Todd Hollandsworth's return to the Cubs on Monday gave Hendry a safety net as he seeks a new home for Sosa. After signing a one-year, $900,000 deal, Hollandsworth could be the low-priced alternative to Alou in left field next season. But if the Cubs manage to trade Sosa and sign a higher-priced outfielder, Hollandsworth could return to the backup role in which he excelled in 2004 before breaking a bone in his right leg and missing the last three months.
Outfielder Dustan Mohr agreed to terms with Colorado on Monday, contingent on passing a physical. And infielder Desi Relaford, who agreed to terms last week, was at Denver and passed his physical, finalizing a one-year deal.
While Rockies GM Dan O'Dowd still would like to find some veteran help for late-inning bullpen work, his attention now turns to finalizing details on a two-year deal with Jason Jennings and one-year contracts with Joe Kennedy and Shawn Chacon, the Rockies' three arbitration-eligible pitchers. Agreements with Jennings and Kennedy are close. Chacon also is expected to agree to a contract and avoid arbitration.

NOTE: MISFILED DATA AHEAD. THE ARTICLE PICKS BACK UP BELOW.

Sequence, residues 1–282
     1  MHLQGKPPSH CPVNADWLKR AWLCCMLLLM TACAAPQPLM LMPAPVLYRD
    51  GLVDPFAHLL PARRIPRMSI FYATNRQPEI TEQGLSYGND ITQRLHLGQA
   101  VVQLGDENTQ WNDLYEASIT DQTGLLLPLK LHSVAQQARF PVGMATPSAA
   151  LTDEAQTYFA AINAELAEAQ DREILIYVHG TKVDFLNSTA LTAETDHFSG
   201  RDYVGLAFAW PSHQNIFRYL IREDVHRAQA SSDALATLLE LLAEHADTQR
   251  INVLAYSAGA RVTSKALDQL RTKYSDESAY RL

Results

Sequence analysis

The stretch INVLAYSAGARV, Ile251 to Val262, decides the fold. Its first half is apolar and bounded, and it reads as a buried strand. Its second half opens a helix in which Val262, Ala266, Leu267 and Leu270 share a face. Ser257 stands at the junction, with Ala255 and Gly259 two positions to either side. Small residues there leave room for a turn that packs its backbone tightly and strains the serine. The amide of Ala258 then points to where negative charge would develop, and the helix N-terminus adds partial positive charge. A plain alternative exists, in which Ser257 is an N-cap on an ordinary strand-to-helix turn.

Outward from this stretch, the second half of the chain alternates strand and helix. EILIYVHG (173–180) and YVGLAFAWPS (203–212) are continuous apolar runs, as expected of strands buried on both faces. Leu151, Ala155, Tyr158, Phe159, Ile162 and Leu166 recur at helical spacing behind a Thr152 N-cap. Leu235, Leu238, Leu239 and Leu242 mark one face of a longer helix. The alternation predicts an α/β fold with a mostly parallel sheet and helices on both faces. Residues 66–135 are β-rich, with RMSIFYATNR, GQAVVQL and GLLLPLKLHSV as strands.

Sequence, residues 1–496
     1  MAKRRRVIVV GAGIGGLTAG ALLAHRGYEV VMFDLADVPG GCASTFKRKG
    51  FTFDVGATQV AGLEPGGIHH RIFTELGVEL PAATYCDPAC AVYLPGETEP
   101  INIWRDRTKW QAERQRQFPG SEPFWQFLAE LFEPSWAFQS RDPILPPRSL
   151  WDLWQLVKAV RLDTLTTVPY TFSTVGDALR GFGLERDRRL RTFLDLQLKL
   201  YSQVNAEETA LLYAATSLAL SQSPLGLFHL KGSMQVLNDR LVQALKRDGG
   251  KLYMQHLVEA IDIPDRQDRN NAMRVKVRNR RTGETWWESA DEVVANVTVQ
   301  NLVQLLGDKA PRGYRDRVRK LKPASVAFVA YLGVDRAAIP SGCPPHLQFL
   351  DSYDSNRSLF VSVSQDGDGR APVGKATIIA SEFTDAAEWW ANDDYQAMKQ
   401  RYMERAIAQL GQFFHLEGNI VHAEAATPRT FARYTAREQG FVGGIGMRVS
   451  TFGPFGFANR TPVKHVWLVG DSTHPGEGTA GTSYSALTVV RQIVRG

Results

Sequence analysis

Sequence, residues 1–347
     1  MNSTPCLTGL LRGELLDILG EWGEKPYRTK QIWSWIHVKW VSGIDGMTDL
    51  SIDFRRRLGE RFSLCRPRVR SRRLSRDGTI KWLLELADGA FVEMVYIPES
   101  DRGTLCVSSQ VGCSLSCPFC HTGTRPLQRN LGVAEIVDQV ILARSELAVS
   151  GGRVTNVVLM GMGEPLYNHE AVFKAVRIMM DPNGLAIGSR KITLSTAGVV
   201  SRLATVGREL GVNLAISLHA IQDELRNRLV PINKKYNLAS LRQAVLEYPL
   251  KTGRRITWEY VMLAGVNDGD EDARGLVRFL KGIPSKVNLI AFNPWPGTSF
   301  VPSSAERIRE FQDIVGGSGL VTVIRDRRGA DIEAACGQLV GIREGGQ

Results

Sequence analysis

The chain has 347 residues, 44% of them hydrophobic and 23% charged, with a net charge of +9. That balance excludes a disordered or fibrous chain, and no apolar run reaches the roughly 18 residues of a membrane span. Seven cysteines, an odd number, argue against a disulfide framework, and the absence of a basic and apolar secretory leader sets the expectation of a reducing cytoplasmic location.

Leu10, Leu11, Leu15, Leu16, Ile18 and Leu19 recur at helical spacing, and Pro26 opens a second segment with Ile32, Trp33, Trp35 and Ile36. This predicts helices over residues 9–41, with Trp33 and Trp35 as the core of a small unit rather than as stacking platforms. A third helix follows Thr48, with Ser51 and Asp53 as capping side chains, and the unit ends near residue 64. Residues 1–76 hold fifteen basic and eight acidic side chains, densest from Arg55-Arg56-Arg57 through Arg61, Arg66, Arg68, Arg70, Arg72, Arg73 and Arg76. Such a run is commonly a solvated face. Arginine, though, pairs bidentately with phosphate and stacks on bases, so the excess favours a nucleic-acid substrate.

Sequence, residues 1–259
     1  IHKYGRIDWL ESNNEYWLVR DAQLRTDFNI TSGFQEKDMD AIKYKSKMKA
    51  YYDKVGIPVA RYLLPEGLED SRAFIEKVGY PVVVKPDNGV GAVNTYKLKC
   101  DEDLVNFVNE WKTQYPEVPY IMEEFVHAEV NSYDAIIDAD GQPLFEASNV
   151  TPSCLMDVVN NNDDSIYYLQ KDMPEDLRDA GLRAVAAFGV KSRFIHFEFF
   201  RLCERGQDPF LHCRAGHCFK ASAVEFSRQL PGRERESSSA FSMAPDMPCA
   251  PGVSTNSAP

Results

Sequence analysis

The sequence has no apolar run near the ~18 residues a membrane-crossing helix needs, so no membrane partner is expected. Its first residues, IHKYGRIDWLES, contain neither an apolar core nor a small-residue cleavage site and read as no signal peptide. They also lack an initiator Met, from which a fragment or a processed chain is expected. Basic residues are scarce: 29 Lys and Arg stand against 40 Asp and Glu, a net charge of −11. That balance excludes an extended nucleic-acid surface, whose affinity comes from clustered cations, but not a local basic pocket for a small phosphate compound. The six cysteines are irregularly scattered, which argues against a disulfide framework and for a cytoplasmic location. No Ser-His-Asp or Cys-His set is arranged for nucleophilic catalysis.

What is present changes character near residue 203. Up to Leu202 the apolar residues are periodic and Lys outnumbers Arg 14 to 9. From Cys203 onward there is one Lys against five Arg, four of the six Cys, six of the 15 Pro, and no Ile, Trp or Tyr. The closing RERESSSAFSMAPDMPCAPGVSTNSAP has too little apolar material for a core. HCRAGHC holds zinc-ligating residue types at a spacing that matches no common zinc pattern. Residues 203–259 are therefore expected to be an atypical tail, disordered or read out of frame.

The A's are looking to add one more starting pitcher before they report to spring training in mid-February. Among the list of free-agent starters in the A's price range: knuckleballer Steve Sparks (who pitched for the A's in 2003), Scott Schoeneweis, Ismael Valdez, Pedro Astacio, Darren Oliver and Shawn Estes.
It will come down to money and risk for Kevin Millwood and the Indians. How much money will it take to sign the free-agent starting pitcher and how much risk are the Indians willing to take that he's healthy?
The Red Sox plan to acquire some additional pitching depth, but the combined salaries are not expected to exceed the money they save by trading one of their first basemen, Doug Mientkiewicz or Kevin Millar (Mientkiewicz is due $3.75 million next season, Millar $3.5 million).